1 but Jesus went to the Mount of Olives.
2 Early in the morning he came again to the temple. All the people came to him, and he sat down and taught them.
3 The scribes and the Pharisees brought a woman who had been caught in adultery, and placing her in the midst
4 they said to him, “Teacher, this woman has been caught in the act of adultery.
5 Now in the Law Moses commanded us to stone such women. So what do you say?”
6 This they said to test him, that they might have some charge to bring against him. Jesus bent down and wrote with his finger on the ground.
7 And as they continued to ask him, he stood up and said to them, “Let him who is without sin among you be the first to throw a stone at her.”
8 And once more he bent down and wrote on the ground.
9 But when they heard it, they went away one by one, beginning with the older ones, and Jesus was left alone with the woman standing before him.
10 Jesus stood up and said to her, “Woman, where are they? Has no one condemned you?”
11 She said, “No one, Lord.” And Jesus said, “Neither do I condemn you; go, and from now on sin no more.”
Jesus here is teaching. He is in a position of authority when the Pharisees show up to pose their question. They refer to the command in Deuteronomy 22:24, referenced again in Ezekiel 16. Jesus does not respond to them directly, but instead bends down and writes on the ground. We don’t know what he wrote, or why. It appears from the next line that it did not answer their question, however, as they “continued to ask him.”
At this point he stands up (ceasing his writing) and gives his answer. He does not (directly) challenge the law cited, nor the guilt of the prisoner. He also ignores the obvious duplicity of the Pharisees. He says, “Let him who is without sin among you be the first to throw a stone at her,” and then bends down and continues writing. I think this is really interesting. First his passive-aggressive approach to the presentation; he does not say the law is correct or incorrect, does not challenge it, but instead challenges those who supposedly seek to uphold it. Presumably, he’s speaking only to the Pharisees when he says “among you,” as it later says they all left but there’s still someone around to record the event. His challenge, then, of saying that only the one without sin among the judges may condemn is very interesting. After they leave, he is left standing “alone” with the woman (presumably not entirely alone – rather still in his position of authority, with his followers watching) and he then tells the woman he does not condemn her, and tells her to sin no more. This is an acknowledgment of Christ’s sinless nature, as he did not walk away with the Pharisees, or move on, but instead took the responsibility of resolving the situation into his own hands after the other authorities had left, being unworthy.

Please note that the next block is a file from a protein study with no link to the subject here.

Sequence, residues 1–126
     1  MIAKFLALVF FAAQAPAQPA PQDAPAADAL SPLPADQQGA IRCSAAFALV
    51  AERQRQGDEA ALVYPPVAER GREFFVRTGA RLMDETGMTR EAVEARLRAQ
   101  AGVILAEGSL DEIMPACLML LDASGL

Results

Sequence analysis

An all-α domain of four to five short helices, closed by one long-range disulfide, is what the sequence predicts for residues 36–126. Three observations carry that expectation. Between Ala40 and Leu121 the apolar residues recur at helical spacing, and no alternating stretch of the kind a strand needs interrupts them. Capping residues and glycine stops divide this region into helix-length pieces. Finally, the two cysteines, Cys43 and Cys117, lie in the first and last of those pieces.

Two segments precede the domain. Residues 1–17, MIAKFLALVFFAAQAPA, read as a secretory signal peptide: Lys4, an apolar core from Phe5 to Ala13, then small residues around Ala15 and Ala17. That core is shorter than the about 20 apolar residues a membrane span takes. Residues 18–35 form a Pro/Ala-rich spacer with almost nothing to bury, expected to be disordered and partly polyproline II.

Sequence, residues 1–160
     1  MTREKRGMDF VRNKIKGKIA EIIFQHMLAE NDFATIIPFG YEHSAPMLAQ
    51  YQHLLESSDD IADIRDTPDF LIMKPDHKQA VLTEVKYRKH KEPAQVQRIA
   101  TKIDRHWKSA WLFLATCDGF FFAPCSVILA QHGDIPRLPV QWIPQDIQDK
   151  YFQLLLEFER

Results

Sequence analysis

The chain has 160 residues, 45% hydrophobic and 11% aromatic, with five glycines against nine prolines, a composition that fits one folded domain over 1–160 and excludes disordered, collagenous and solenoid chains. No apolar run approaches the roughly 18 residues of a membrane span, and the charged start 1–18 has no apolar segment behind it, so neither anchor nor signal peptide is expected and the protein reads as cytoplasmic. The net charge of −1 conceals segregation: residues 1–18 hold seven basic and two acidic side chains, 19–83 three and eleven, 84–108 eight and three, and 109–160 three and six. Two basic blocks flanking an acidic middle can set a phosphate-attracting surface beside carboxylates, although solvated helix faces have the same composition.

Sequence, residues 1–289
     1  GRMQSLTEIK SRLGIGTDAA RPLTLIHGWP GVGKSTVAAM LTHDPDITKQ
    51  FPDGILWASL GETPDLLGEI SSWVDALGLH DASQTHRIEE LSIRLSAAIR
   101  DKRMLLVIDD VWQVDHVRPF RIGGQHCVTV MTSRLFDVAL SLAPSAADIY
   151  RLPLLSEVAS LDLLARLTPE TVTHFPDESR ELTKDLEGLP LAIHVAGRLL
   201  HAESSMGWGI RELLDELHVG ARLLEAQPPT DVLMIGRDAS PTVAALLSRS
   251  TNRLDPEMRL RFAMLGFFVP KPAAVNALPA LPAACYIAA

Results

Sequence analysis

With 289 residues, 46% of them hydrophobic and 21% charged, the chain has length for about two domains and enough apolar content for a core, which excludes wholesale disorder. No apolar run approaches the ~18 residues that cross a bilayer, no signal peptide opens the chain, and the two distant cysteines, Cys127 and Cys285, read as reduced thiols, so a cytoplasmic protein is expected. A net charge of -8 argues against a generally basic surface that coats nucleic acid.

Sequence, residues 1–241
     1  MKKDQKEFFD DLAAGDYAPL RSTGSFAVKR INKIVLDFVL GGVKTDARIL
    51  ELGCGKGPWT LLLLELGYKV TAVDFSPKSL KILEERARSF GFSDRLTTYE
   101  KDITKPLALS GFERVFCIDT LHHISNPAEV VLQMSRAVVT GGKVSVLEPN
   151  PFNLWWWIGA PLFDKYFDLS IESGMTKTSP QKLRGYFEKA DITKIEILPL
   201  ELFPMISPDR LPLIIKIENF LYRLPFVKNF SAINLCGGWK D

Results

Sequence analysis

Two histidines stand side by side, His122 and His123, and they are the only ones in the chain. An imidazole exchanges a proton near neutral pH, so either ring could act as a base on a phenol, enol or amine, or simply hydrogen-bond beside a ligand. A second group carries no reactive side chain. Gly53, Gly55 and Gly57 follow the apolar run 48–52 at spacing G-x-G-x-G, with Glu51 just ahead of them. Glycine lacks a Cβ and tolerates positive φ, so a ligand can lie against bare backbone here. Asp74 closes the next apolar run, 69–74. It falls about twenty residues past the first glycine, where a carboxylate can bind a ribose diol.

This idea shapes a lot of my interactions with those outside the church, and I hope will further shape it in the future. I have always had the idea that if someone does not claim the doctrines and teachings of scripture, it is unreasonable to expect they will follow the teachings. It would be like a member of the basketball team being upset with a member of the chess club for not showing up to morning practices in the gym.
Note that this is not moral relativism I am suggesting here: the truths and morals laid out by Scripture are not compromised. I instead suggest that those who reject the Word will obviously reject its morals and teachings. It is not our place to judge them, for we are no more sinless than the Pharisees above. Rather, I have chosen to merely make the person aware of my beliefs and let it rest. Again, my job is not to judge. My job is to act as an emissary of the Gospel. An emissary, “someone sent on a mission to represent the interests of someone else.” I [should] represent Christ through my actions and lifestyle, constant preaching or judging is not only counterproductive but inappropriate. Even Christ, when he absolves the woman, simply says “sin no more.” We don’t know what happened to her. She may have gone right back to her sinful lifestyle. Christ has done his work. He has told the woman what she must do. It is up to her to follow. Similarly, my non-believing friends know that I am a Christ-follower. They, I hope, see some glimpse of his purpose in my life. I represent him to them. It is up to them to follow.
…I’m also really curious about what he wrote.